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Effects of cold exposure on behavioral and electrophysiological parameters related with hippocampal function in rats.

Elmarzouki H, Aboussaleh Y, Bitiktas S, Suer C, Artis AS, Dolu N, Ahami A - Front Cell Neurosci (2014)

Bottom Line: Meanwhile cold exposure did not affect the body weight (C: 221 ± 2.5 vs.S: 222 ± 1.7) but it impacts the adrenal gland relative weight (S: 27.1 ± 1.8 mg vs.C: 26.2 ± 1.4 mg).

View Article: PubMed Central - PubMed

Affiliation: Laboratory of Nutrition and Health, Department of Biology, Faculty of Science, Ibn Tofail University Kenitra, Morocco.

ABSTRACT

Aim: Behavioral and mental changes may occur in people exposed to cold stress by decreasing their work efficiency and their mental capacity while increasing the number of accidents on the job site. The goal of this study was to explore the effect of cold stress in spatial learning performance excitability and LTP.

Materials and methods: Three to four month old rats were randomly divided into four groups to form a control group and a cold stress group for each sex. The groups of cold stressed animals were placed in a cold room ambient temperature of 4°C for 2 h day. Adrenal glands and body weight (g) were recorded in control and stressed rats during the cold exposure. Spatial learning (acquisition phase) and memory (probe trial) were tested in the Morris water maze (MWM) immediately after daily exposure. Latency to locate the hidden platform, distance moved (DM), mean distance to platform, swim speed (SS) and time spent in the platform quadrant were compared between genders and treatments. Field potential recordings were made, under urethane anesthesia, from the dentate gyrus (DG) granule-cell layer, with stimulation of the medial perforant pathway 2 h after the probe trial. This study examined spatial memory as measured by MWM performance and hippocampal long-term potentiation (LTP) in the DG after exposure to cold in a repeated stress condition for 2 h/day for 5 days.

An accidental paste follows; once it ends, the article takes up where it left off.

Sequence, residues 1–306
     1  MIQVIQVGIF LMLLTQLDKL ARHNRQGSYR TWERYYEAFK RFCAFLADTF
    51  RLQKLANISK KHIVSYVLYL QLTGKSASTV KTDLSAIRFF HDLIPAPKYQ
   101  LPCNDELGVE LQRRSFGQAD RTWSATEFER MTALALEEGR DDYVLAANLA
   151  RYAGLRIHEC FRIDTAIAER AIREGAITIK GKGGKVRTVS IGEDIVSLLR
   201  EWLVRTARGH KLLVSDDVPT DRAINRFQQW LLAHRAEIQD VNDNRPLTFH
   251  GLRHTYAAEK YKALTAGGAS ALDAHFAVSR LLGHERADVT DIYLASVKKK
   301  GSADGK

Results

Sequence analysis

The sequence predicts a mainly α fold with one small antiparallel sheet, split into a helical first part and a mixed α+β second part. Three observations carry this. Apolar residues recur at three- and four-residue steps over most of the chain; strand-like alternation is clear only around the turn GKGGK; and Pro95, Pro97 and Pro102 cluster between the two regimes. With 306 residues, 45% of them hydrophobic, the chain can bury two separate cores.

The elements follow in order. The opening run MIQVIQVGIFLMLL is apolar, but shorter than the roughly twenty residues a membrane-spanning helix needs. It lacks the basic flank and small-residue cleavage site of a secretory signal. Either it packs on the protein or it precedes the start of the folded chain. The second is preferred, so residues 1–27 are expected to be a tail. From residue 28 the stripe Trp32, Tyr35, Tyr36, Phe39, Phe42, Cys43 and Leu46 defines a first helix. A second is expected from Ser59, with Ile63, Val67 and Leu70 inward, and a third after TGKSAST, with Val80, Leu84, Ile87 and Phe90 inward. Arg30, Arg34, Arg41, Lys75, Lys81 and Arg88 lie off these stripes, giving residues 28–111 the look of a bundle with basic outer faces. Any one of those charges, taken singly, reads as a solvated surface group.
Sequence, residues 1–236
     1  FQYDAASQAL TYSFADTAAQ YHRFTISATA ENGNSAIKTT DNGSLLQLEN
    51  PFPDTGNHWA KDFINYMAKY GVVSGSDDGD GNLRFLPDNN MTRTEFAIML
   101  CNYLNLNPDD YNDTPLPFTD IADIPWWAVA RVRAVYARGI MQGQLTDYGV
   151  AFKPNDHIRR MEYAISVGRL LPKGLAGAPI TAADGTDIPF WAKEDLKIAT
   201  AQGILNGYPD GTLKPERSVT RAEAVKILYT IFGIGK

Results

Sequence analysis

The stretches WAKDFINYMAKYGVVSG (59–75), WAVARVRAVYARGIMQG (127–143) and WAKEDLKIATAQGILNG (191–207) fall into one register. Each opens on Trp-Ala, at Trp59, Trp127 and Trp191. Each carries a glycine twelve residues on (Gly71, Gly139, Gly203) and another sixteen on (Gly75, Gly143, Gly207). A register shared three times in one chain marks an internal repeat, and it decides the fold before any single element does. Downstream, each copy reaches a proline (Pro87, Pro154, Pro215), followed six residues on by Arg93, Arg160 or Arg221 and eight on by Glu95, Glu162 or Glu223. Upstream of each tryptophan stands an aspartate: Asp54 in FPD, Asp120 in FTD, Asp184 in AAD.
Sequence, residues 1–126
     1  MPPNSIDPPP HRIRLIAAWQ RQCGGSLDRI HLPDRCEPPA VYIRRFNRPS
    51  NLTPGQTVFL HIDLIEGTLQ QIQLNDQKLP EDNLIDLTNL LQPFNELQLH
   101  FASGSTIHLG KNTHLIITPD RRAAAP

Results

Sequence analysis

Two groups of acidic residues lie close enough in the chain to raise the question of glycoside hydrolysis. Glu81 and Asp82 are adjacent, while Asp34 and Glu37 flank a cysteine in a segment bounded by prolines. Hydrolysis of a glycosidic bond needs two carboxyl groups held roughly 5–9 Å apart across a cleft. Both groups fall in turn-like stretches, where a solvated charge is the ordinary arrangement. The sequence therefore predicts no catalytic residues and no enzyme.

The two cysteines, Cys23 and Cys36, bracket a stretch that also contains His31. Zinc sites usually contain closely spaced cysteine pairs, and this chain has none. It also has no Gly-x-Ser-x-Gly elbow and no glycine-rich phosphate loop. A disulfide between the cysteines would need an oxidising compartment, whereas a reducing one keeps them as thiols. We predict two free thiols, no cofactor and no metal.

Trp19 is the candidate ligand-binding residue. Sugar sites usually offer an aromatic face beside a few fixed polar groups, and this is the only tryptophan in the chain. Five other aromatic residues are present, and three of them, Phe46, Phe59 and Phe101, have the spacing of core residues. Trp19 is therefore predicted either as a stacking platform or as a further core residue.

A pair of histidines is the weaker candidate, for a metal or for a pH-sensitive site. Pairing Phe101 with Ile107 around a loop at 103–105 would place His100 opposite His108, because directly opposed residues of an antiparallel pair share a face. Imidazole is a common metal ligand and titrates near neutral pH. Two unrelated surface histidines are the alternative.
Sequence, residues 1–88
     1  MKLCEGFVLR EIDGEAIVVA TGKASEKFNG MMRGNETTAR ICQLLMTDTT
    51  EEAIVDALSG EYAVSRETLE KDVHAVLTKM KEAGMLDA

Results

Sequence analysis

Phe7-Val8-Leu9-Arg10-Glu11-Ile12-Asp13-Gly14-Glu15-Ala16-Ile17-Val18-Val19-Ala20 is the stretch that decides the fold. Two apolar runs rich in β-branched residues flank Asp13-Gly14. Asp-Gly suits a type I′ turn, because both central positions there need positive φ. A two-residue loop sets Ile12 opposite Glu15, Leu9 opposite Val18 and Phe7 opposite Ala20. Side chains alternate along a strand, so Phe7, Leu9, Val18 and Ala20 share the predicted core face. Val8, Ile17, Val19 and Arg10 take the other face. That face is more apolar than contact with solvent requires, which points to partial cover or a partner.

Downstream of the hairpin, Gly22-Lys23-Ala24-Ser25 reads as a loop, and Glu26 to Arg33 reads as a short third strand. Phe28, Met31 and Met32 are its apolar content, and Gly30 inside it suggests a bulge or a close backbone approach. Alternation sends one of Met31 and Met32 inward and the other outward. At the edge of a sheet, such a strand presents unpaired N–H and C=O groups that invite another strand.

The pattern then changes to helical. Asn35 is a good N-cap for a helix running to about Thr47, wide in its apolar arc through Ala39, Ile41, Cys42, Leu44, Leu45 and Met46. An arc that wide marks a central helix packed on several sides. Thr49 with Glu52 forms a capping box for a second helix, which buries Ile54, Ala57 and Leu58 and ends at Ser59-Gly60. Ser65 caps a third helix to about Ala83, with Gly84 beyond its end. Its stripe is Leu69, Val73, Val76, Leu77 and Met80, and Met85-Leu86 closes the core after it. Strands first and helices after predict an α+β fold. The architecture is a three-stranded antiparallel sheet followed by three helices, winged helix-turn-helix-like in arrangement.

Results: The cold-exposed female rats needed less time to find the hidden platform on day 1 (43.0 ± 13.9 s vs. 63.2 ± 13.2 s), day 2 (18.2 ± 8.4 s vs. 40.9 ± 12.2 s) and on day 4 (8.0 ± 2.1 s vs. 17.2 ± 7.0 s) while cold-exposed male rats showed a decreased escape latency (EL) on day 1 only (37.3 ± 12.5 s vs. 75.4 ± 13.1 s). Cold-exposed male rats spent less time in the target quadrant (30.08 ± 6.11%) than the control male rats (37.33 ± 8.89%). Two hour cold exposure decreased population spike (PS) potentiation during both induction (218.3 ± 21.6 vs. 304.5 ± 18.8%) and maintenance intervals (193.9 ± 24.5 vs. 276.6 ± 25.4%) in male rats. Meanwhile cold exposure did not affect the body weight (C: 221 ± 2.5 vs. S: 222 ± 1.7) but it impacts the adrenal gland relative weight (S: 27.1 ± 1.8 mg vs. C: 26.2 ± 1.4 mg).

Conclusion: Overall, the results show that repeated cold exposure can selectively improve spatial learning in adult female rats, but impaired retention memory for platform location in male rats. It is possible that impaired LTP underlies some of the impaired retention memory caused by cold exposure in the male rats.

No MeSH data available.


Related in: MedlinePlus

Effect of cold stress on the body weight. Data are represented as the mean S.E.M. of body-weight measured at 09:00 h daily before the exposure. Differences in body weight gain between controls and stressed rats are not statistically significant during any time period of the study (P < 0.07; n = 7 per group).However the p nearing 0.05 seem to suggest that increasing the number of observation the difference could be relevant.
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Figure 1: Effect of cold stress on the body weight. Data are represented as the mean S.E.M. of body-weight measured at 09:00 h daily before the exposure. Differences in body weight gain between controls and stressed rats are not statistically significant during any time period of the study (P < 0.07; n = 7 per group).However the p nearing 0.05 seem to suggest that increasing the number of observation the difference could be relevant.

Mentions: The body weight on the day before cold stress exposure was 210 ± 2.3 g in the control group and 214 ± 2.9 g in the stressed group. Data are represented as the mean S.E.M. of body-weight measured at 09:00 h daily before the cold exposure. Differences between controls and stressed rats are not statistically significant at each experimental (P < 0.07; n = 7 per group; Figure 1; Day 1: 216 ± 2.1 vs. 218 ± 2.5; Day 2: 221 ± 2.5 vs. 222 ± 1.7; Day 3: 228 ± 1.6 vs. 227 ± 3.3; Day 4: 234 ± 2.1 vs. 232 ± 2.4; Day 5: 241 ± 2.7 vs. 236 ± 2.2; Day 6: 247 ± 2.9 vs. 242 ± 2.8). This p nearing 0.05 however seem to suggest that increasing the number of observations the difference could be relevant.